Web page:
Paul Revere was one of the key figures of the revolutionary movement in New England colonies. He was also a craftsman known for his works of silver. Born on December 22, 1734 in Boston Revere first became famous for his craftsmanship. His work was well known in Boston, especially silverware and tea sets. His other well-known specialty was the engraved printing plates.
When revolutionary mood became growing in Boston, Revere became involved as an active member of the Boston’s Sons of Liberty chapter lead by Samuel Adams. He also used proceeds from the trade to finance revolutionary activities. One of his most publicized engraving works where his trade and his political views crossed, was the representation of the Boston Massacre.
In 1773 Revere participated in the Boston Tea Party when members of the Sons of Liberty climbed three ships anchored in Boston Harbor and dumped tea chests into the ocean to protest British taxation. But it was the famous Midnight Ride of April 18, 1775 for which the Boston silversmith became known to anyone even vaguely familiar with the American Revolution history. The historic event occurred when Revere and two other couriers rode from Boston to Lexington to warn patriots about the arrival of the British troops. The battles of Lexington and Concord then became know as the first battles fought for American independence.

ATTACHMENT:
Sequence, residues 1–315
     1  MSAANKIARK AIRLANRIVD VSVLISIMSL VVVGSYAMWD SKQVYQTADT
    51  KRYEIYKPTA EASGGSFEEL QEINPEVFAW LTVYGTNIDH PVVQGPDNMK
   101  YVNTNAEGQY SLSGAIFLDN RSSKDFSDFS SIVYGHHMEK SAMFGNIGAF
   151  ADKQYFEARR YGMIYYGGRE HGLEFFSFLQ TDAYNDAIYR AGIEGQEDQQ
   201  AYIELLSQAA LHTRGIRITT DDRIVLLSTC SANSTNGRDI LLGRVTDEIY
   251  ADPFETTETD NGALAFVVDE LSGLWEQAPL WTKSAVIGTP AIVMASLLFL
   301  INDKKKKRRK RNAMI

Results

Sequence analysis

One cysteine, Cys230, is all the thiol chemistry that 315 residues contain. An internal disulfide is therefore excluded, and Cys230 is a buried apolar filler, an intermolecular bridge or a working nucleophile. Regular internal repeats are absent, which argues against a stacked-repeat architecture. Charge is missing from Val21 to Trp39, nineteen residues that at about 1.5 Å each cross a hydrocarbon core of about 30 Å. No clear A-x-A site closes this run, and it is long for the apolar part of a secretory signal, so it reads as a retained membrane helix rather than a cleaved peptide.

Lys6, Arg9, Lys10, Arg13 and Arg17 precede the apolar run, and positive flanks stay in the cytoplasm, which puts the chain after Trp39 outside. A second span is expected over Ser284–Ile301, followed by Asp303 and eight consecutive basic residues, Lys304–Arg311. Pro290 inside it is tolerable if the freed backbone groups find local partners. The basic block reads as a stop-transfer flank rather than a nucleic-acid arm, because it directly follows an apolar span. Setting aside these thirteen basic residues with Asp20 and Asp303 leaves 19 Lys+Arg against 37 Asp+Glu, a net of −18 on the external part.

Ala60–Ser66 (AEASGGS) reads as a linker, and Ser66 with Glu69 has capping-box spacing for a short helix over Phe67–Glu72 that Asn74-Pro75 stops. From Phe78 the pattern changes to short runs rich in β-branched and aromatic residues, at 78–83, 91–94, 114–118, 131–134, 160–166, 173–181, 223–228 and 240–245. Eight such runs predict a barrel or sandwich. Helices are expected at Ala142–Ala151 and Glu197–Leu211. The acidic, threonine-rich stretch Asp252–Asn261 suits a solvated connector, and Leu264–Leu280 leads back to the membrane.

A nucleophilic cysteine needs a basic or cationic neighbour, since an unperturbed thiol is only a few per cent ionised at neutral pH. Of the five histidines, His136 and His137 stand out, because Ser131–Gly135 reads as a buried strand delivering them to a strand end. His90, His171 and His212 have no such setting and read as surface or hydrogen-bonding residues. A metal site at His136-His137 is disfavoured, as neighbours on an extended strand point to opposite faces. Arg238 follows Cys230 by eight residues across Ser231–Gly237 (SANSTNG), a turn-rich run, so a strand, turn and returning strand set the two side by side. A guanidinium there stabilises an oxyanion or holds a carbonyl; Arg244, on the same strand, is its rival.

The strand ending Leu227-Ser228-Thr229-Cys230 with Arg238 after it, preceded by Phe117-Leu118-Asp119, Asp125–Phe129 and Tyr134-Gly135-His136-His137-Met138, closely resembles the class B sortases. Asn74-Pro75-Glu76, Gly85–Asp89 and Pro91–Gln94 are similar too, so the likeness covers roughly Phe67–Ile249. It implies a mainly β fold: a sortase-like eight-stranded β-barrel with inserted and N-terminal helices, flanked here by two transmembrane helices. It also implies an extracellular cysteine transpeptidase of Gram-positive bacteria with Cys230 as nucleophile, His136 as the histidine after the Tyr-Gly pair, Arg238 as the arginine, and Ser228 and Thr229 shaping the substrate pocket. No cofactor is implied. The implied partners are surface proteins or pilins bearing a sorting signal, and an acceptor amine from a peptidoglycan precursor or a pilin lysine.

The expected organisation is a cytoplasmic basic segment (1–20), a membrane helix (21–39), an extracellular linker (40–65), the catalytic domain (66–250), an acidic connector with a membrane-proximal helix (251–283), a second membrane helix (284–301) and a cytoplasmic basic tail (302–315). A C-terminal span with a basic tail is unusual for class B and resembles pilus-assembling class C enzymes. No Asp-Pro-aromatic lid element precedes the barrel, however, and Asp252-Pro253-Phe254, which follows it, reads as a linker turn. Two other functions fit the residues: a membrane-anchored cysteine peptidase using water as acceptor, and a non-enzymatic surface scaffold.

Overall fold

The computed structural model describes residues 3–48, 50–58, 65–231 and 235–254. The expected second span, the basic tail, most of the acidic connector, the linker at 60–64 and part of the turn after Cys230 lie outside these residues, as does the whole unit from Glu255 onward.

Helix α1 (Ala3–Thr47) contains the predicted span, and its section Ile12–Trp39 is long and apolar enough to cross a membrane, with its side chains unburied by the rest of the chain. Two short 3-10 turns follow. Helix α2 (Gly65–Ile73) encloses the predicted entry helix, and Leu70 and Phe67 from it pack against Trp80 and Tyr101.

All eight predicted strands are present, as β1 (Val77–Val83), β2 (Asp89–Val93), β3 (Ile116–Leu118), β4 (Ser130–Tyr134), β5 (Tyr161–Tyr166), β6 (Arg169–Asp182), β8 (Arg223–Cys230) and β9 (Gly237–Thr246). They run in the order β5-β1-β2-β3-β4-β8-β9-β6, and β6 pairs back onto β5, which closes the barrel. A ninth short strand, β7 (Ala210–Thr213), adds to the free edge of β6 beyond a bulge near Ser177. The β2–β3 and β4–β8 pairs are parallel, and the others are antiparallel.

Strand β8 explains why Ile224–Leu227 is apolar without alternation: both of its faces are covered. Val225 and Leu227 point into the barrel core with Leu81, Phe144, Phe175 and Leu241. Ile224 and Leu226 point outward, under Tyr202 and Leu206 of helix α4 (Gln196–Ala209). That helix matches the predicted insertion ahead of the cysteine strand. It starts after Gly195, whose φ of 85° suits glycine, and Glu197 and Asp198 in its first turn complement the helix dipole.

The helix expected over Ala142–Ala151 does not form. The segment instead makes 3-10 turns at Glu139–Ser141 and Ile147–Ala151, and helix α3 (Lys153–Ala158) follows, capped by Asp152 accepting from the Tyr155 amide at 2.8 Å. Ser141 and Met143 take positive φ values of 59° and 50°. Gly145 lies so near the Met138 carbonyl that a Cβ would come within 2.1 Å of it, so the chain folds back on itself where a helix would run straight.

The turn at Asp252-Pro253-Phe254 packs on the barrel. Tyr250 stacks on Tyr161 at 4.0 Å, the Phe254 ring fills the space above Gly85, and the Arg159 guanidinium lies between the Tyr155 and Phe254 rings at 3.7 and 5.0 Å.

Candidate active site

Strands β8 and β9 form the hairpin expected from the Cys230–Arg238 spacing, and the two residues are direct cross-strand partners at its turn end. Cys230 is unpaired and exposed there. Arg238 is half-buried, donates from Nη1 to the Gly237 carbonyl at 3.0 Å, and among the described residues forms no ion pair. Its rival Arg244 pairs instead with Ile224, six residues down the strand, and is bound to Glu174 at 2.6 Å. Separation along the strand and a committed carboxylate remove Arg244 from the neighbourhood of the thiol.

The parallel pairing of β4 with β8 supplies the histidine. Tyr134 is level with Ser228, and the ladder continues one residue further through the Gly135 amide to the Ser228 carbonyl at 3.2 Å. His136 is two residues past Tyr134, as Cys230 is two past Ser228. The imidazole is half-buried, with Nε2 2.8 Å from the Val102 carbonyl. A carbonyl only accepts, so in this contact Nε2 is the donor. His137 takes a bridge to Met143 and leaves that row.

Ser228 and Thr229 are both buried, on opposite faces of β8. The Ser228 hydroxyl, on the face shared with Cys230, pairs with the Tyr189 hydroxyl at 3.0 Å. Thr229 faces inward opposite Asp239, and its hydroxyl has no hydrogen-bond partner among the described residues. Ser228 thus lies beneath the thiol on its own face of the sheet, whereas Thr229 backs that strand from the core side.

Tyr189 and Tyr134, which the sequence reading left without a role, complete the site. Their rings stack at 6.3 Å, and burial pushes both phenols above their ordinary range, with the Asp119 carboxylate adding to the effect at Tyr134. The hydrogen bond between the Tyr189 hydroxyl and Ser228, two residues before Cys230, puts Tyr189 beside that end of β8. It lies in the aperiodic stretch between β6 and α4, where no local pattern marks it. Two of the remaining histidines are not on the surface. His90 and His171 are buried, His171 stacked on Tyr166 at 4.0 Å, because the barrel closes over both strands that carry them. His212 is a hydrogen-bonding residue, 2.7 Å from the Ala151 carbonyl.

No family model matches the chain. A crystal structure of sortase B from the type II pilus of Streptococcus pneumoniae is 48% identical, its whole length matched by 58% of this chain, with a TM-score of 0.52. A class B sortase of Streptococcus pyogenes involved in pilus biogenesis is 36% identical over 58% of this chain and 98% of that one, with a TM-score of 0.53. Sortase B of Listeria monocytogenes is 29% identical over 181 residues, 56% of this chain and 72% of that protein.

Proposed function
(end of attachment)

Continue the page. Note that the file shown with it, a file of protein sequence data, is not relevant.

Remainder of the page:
During the Revolutionary war Revere participated as a soldier in the American army and also started a gunpowder mill. His other key contributions were the designs of Continental currency and the seals of 13 colonies, including the current seal of Massachusetts. After the war Revere came back to his silversmith business in Boston. He died on May 10, 1818 when he was 83 years of age.